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Community Housing Board hosts first open house: Some questions answered, controversy persists

The Community Housing Fund Advisory Board held an open house on Saturday, July 16 at the Shelter Island Public Library to get input and offer information about aspects of a possible affordable housing plan.

The open house was originally slated to be held in the library’s community room but was moved to the tent on the grounds, affording more space for the numerous attendees.

Visitors were asked to sign in and were given a questionnaire by Taylor Garner, from the consulting firm Nelson Pope Voorhis, which is advising the Board on developing a plan.

The board had seven stations set up for visitors to access information and ask questions. They were the Welcome Station; followed by Smart Growth; the Peconic Bay Region Community Housing Act; Who Needs Housing?; Community Housing Fund Uses; a Survey for Type of Housing Preference; and Projects Under Consideration.

Among the attendees were individuals seeking information or offering their opinions; members of Town government; and residents who have been vocal in opposing affordable housing on the Island. The latter viewpoint has been expressed through an evidently well-funded campaign of opposition in print, social media and public meetings.

Some attendees, who declined to be identified, said the Board’s effort to disseminate information was hampered by the fact that some groups of residents distrust individuals in Town government and the Board, so are unwilling to accept the information they offer.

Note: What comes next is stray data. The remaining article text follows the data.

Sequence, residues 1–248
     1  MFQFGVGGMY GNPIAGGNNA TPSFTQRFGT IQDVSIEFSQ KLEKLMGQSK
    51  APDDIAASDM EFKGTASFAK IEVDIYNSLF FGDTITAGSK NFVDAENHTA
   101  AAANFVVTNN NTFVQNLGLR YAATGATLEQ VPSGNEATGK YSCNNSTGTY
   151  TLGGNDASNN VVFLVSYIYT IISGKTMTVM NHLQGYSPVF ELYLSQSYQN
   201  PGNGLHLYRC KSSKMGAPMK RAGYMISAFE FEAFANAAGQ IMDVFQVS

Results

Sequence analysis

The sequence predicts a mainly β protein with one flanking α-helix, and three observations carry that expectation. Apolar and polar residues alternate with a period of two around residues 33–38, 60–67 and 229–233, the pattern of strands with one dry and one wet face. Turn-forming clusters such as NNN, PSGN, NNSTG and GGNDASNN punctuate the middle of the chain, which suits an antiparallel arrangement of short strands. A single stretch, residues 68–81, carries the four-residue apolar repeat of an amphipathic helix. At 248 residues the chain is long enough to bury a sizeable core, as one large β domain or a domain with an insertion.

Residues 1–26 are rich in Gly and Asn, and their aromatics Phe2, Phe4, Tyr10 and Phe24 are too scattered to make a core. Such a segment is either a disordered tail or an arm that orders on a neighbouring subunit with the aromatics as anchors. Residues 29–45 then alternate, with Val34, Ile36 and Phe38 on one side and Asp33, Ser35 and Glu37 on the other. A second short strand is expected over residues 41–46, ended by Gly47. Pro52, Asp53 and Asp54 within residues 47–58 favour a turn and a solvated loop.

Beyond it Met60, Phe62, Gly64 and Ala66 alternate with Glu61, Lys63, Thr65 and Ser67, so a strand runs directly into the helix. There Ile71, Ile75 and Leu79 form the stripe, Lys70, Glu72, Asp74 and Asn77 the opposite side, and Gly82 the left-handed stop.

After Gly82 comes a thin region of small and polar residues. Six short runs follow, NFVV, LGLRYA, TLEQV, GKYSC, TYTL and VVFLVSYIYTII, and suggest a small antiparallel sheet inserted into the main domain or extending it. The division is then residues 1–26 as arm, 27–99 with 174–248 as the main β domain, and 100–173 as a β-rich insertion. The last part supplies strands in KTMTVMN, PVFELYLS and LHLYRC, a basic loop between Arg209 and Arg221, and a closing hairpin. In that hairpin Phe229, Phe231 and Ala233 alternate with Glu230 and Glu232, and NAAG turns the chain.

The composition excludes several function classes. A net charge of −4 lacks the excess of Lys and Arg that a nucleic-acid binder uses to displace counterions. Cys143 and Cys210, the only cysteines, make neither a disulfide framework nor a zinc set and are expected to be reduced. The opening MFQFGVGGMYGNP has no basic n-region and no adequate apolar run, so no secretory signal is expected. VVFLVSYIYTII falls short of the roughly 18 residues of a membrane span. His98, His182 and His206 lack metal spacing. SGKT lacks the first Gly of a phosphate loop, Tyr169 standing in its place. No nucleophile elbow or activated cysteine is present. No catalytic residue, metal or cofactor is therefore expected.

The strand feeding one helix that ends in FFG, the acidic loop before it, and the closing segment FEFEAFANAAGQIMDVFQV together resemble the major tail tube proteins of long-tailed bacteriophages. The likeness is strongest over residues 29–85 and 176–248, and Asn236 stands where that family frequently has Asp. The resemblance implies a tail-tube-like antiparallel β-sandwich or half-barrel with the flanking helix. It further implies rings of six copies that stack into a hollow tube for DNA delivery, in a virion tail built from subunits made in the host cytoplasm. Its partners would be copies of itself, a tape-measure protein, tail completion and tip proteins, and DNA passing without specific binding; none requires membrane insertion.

Town Councilwoman Meg Larsen interacted with residents at the Smart Growth station. She said while some came to voice concerns, most actively sought information that she could provide about transfer of development rights and water and sewer regulations.

“We want to find compromises and reach a consensus,” she said.

Karen Kiaer, who has expressed disagreement with the Housing Board’s approach, engaged individual members about their methodology. “They need to be straightforward with the facts and data,” she said, indicating that not enough information had been provided “with transparency.”

While pointing to definite needs for housing for seniors and young people, she said better information could be gleaned if the Board and its consultants went to the various neighborhood associations on the Island to learn about the actual people, not “mystery numbers.”

Others said they enthusiastically support the effort to solve the housing issue. “I want to see local kids, once they get out of college, be able to come back and live here,” said Lisa Richland.

A sudden, unexpected downpour may have discouraged some residents from venturing out; while it lasted, it kept most attendees under the tent, continuing their discussions. For those who were unable to attend, information will be posted in late July on the Town website at shelterislandtown.us under the Committees tab and the tab for the CHF Advisory Board.

The organization, Shelter For All, is having a meeting on July 23 at the Presbyterian Church hall at 2 p.m. in English, and 4 p.m. in Spanish.

The Town’s Community Housing Fund Advisory Board is having its second open house on August 6 at 3 p.m. also at the Presbyterian Church.